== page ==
First Flight: (Fw 190V-1) June 1, 1939; (production Fw 190A-1) September 1940; (Fw 190D) late 1942
Engine(s): (A-8, F-8) one 1,700 hp (2,100 hp with emergency boost) BMW 801Dg 18-cylinder two-row radial; (D-9) one 1,776 hp (2,240 hp with emergency boost) Junkers Jumo 213A-1 12-cylinder inverted-vee liquid-cooled; (Ta152H-1) one 1,880 hp (2,250 hp with emergency boost) Junkers Jumo 213E-1
Wingspan: (A-8, F-8 and D-9) 34 ft 5.5 in (10.49 m); (Ta152H-1) 47 ft 6.75 in (14.5 m)
Length: (A-8, F-8) 29ft (8.84 m); (D-9) 33 ft 5.25 in (10.2 m); (Ta 152H-1) 35 ft 5.5 in (10.8 m)
Height: (A-8, F-8) 13 ft (3.96 m); (D-9) 11 ft 0.25 in (3.35 m); (Ta 152H-1) 11 ft 8 in (3.55 m)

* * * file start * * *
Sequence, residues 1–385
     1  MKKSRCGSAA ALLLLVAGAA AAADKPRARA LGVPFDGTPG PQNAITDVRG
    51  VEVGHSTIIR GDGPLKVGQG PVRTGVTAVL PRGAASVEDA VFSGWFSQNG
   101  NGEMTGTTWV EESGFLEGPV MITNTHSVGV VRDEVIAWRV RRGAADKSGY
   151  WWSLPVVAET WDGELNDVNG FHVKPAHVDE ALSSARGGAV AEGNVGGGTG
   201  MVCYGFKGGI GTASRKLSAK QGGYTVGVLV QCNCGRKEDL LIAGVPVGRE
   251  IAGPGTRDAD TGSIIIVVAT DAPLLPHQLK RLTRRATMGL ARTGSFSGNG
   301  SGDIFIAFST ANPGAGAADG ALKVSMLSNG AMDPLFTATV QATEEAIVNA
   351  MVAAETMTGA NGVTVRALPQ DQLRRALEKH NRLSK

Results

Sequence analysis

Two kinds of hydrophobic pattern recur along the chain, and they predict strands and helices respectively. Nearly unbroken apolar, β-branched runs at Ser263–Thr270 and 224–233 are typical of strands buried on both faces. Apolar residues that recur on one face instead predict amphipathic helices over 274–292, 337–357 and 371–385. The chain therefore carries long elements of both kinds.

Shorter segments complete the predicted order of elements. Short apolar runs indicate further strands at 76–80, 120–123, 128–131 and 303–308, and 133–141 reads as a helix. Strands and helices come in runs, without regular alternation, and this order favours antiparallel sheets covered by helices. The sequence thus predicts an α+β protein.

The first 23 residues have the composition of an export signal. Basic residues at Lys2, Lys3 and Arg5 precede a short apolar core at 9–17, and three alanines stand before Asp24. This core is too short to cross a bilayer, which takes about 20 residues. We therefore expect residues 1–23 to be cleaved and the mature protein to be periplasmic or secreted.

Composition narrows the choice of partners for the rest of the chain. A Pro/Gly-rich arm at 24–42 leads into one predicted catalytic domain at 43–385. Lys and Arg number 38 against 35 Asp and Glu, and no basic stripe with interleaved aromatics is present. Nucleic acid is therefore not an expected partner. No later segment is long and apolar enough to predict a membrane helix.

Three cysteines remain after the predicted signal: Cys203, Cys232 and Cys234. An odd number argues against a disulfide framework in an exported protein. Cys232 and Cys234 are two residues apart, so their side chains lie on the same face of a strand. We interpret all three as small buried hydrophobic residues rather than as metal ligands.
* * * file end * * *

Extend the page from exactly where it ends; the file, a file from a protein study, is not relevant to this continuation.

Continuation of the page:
Weights: Empty: (A-8, F-8) 7,055 lb (3,200 kg); (D-9) 7,720 lb (3,500 kg); (Ta 152H-1) 7,940 lb (3,600 kg)
Loaded: (A-8, F-8) 10,800 lb (4,900 kg); (D-9) 10,670 lb (4,840 kg); (Ta 152H-1) 12,125 lb (5,500 kg)
Maximum Speed: With boost: (A-8, F-8) 408 mph (653 km/h); (D-9) 440 mph (704 km/h); (Ta 152H-1) 472 mph (755 km/h)
Initial Climb: (A-8, F-8) 2,350 ft (720 m)/min; (D-9, Ta 152H-1) about 3,300 ft (1,000 m)/min
Service Ceiling: (A-8, F-8) 37,400 ft (11,410 m); (D-9) 32,810 ft (10,000 m); (Ta 152H-1) 49,215 ft (15,000 m)
Range: On internal fuel: (A-8, F-8 and D-9) abot 560 miles (900 km); (Ta 152H-1) 745 miles (1,200 km)
Armament: (A-8, F-8) two 13 mm MG 131 above engine, two 20 mm MG 151/20 in wing roots and two MG 151/20 or 30 mm MK 108 in outer wings; (D-9) as above, or without outer MG 151/20s, with provision for 30 mm MK 108 firing through propellor hub; (Ta 152H-1) one 30 mm MK 108 and two inboard MG 151/20 (sometimes outboard MG 151/20s as well); Bomb load: (A-8, D-9) one 1,100 lb (500 kg) on centerline; (F-8) one 3,968 lb (1,800 kg) on centerline; (Ta 152H-1) none normally carried